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Source: Economic Times.India
Petrol, diesel on agenda of GST council: Jaitley

Petrol, diesel on agenda of GST council: Jaitley

Finance Minister Arun Jaitley on Tuesday said to bring petrol and diesel under GST is on agenda in GST council.

He said the Centre’s moves on GST and demonetisation were in public interest.

“The Central government is in its favour but needs a consensus of all states to include petrol and diesel in GST. Till then we are trying our best,” he told a press conference at the release of BJP manifesto here.

“GST council does not want to thrust this decision on all states by taking a consent of a few states but would prefer a general consensus. It is a federal setup and such a move may affect revenue aspects of any states, if decided unilaterally,” Jaitley replied to a question.

The GST council had held 31 meetings so far and every decision was unanimously taken by the member states, he claimed.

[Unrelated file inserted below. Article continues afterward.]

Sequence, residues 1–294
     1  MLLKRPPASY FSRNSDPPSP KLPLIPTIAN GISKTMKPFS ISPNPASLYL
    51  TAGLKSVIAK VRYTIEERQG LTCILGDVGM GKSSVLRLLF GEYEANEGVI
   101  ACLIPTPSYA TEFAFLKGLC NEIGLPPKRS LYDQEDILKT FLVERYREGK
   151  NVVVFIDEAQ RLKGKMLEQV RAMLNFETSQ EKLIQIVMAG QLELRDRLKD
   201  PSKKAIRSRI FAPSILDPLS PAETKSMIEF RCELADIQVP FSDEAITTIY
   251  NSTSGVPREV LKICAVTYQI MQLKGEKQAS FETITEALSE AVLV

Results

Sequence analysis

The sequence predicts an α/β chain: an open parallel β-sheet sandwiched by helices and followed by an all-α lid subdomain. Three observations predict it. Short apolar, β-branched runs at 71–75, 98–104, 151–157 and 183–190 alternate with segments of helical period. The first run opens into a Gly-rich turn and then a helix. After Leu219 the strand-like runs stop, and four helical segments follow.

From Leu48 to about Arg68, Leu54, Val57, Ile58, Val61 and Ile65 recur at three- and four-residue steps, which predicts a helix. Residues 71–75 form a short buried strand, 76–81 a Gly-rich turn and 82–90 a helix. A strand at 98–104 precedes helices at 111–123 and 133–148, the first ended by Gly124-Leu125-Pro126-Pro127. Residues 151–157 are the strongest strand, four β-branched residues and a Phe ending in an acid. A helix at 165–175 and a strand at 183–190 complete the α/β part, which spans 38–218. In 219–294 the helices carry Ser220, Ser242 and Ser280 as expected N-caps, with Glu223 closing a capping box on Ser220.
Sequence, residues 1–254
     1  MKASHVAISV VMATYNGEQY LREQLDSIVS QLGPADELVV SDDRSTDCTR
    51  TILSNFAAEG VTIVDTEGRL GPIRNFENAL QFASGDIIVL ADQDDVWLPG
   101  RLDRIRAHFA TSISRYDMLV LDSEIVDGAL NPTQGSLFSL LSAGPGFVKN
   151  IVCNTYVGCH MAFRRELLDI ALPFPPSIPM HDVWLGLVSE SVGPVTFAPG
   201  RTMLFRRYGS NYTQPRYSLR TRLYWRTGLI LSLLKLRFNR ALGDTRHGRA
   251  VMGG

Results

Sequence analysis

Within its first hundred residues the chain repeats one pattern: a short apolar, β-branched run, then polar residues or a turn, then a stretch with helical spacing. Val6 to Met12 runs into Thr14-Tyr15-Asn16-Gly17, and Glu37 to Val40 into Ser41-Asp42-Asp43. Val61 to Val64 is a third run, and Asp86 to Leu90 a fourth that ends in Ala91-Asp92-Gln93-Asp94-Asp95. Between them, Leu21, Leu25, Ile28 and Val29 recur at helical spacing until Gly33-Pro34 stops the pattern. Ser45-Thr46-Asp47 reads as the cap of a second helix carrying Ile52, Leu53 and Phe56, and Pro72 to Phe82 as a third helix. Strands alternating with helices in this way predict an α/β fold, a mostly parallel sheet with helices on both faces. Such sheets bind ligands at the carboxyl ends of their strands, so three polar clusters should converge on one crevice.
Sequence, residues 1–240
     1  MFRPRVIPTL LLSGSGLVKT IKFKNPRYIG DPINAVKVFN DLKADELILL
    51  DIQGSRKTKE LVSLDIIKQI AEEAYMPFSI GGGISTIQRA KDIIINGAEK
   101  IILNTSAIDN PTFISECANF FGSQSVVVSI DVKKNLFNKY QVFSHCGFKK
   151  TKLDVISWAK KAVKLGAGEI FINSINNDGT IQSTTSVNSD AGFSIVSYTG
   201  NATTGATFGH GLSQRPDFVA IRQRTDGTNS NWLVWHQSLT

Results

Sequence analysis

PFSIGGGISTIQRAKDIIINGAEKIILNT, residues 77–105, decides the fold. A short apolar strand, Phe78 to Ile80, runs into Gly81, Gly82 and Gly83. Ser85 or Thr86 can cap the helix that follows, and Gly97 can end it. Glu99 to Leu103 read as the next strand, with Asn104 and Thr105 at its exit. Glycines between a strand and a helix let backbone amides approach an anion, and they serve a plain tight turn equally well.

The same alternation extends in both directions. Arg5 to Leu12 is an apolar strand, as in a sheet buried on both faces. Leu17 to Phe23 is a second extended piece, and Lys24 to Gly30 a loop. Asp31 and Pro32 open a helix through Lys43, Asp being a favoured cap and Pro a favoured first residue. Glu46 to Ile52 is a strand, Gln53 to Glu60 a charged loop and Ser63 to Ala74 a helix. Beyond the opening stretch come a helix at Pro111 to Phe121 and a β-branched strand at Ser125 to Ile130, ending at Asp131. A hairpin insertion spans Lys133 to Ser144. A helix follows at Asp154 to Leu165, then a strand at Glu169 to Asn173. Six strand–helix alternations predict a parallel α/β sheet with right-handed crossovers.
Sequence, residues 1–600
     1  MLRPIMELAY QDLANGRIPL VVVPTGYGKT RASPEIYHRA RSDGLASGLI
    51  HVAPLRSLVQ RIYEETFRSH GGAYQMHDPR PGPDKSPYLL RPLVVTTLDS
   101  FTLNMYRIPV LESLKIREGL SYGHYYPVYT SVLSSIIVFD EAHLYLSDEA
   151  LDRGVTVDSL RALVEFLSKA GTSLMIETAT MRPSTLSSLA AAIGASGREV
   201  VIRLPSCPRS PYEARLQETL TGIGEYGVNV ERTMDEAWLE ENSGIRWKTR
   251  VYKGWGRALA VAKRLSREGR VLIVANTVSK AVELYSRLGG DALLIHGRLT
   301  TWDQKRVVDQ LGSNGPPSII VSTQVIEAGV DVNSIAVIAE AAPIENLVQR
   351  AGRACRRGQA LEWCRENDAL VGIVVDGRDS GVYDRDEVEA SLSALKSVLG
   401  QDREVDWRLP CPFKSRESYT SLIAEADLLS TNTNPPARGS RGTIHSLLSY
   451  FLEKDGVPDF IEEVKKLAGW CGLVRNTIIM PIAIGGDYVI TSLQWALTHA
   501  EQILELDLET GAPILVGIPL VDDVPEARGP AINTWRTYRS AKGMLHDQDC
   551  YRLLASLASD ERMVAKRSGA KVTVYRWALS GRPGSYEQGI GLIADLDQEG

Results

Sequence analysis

The states are getting their share of 50 per cent from GST directly and about 21 per cent from devolution of funds under various Central schemes, Jaitley said.

When reminded that Congress president Rahul Gandhi has renamed GST as “Gabbar Singh Tax” and termed note ban as corruption, Jaitley said, “During the UPA government’s 10 years, total taxes, including VAT, CST and cascading effect, were 31 per cent. Now, on 334 commodities the GST tax range is 12 to 18 per cent. UPA had the Gabbar Tax, not the Modi government. Even the Income Tax payers figures have risen from 3.8 cr to 6.84 cr in last four years, and by next year it would be 7.6 cr. The Congress leader is doing sheer naadani.”